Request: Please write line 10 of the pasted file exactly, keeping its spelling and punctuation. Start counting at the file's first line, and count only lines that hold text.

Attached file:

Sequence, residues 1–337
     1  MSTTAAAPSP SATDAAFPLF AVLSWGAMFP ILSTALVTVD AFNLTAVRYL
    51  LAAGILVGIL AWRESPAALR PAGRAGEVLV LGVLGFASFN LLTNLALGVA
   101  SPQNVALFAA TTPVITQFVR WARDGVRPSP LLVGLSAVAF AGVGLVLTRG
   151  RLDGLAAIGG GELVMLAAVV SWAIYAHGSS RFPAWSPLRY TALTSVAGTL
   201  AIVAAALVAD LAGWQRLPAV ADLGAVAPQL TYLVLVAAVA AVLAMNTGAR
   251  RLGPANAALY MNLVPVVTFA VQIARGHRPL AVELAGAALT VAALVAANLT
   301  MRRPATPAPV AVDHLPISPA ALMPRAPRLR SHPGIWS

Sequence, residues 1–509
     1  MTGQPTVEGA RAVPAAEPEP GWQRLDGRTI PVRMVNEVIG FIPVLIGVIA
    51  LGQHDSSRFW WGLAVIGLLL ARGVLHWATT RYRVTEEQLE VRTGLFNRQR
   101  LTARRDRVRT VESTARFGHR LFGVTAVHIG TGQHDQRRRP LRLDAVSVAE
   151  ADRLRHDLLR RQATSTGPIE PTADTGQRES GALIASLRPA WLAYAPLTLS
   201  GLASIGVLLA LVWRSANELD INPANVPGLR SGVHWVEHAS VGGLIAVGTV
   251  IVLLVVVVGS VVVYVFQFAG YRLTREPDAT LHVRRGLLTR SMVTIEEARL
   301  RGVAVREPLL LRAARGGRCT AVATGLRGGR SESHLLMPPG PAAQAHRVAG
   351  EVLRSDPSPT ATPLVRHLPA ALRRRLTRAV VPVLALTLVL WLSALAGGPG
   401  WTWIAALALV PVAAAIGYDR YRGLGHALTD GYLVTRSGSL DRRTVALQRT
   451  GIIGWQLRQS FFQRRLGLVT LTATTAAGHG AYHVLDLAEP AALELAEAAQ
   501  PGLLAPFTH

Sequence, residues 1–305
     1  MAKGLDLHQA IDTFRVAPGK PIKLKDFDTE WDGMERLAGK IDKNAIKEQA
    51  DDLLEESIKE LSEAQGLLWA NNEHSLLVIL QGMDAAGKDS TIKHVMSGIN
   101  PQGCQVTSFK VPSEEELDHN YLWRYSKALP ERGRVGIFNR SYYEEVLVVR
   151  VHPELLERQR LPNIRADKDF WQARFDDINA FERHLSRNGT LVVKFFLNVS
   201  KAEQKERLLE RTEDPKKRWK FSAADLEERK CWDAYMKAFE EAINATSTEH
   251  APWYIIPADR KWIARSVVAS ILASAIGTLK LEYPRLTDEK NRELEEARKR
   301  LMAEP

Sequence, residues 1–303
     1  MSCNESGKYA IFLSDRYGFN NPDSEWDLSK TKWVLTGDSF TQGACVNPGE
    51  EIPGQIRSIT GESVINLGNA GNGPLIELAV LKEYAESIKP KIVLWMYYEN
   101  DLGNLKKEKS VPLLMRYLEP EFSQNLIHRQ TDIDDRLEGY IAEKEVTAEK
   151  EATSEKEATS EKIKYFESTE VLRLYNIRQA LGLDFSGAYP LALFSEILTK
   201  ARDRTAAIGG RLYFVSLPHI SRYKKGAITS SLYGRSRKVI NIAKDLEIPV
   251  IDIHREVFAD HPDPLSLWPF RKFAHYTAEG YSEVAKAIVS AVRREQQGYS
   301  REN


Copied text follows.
     1  MTGQPTVEGA RAVPAAEPEP GWQRLDGRTI PVRMVNEVIG FIPVLIGVIA